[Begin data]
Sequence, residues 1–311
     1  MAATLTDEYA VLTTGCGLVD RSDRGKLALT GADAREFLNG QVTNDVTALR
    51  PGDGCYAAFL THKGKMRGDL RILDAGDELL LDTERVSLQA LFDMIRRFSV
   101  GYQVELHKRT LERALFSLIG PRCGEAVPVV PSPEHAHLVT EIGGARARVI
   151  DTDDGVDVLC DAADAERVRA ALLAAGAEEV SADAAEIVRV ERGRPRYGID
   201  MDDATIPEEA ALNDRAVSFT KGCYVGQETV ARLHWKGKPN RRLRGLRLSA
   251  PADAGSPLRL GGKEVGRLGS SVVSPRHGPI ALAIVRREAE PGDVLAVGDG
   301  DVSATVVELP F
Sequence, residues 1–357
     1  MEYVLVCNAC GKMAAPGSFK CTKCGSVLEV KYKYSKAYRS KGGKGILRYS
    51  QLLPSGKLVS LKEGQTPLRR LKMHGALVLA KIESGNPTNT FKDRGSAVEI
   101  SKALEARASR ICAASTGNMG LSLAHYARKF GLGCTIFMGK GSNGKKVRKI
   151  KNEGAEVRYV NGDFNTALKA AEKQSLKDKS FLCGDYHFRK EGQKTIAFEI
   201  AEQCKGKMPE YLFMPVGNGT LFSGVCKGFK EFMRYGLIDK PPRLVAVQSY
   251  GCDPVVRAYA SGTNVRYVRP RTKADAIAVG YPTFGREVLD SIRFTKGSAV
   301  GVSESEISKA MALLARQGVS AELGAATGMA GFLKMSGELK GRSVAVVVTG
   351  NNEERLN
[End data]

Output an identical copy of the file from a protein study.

Sequence, residues 1–311
     1  MAATLTDEYA VLTTGCGLVD RSDRGKLALT GADAREFLNG QVTNDVTALR
    51  PGDGCYAAFL THKGKMRGDL RILDAGDELL LDTERVSLQA LFDMIRRFSV
   101  GYQVELHKRT LERALFSLIG PRCGEAVPVV PSPEHAHLVT EIGGARARVI
   151  DTDDGVDVLC DAADAERVRA ALLAAGAEEV SADAAEIVRV ERGRPRYGID
   201  MDDATIPEEA ALNDRAVSFT KGCYVGQETV ARLHWKGKPN RRLRGLRLSA
   251  PADAGSPLRL GGKEVGRLGS SVVSPRHGPI ALAIVRREAE PGDVLAVGDG
   301  DVSATVVELP F
Sequence, residues 1–357
     1  MEYVLVCNAC GKMAAPGSFK CTKCGSVLEV KYKYSKAYRS KGGKGILRYS
    51  QLLPSGKLVS LKEGQTPLRR LKMHGALVLA KIESGNPTNT FKDRGSAVEI
   101  SKALEARASR ICAASTGNMG LSLAHYARKF GLGCTIFMGK GSNGKKVRKI
   151  KNEGAEVRYV NGDFNTALKA AEKQSLKDKS FLCGDYHFRK EGQKTIAFEI
   201  AEQCKGKMPE YLFMPVGNGT LFSGVCKGFK EFMRYGLIDK PPRLVAVQSY
   251  GCDPVVRAYA SGTNVRYVRP RTKADAIAVG YPTFGREVLD SIRFTKGSAV
   301  GVSESEISKA MALLARQGVS AELGAATGMA GFLKMSGELK GRSVAVVVTG
   351  NNEERLN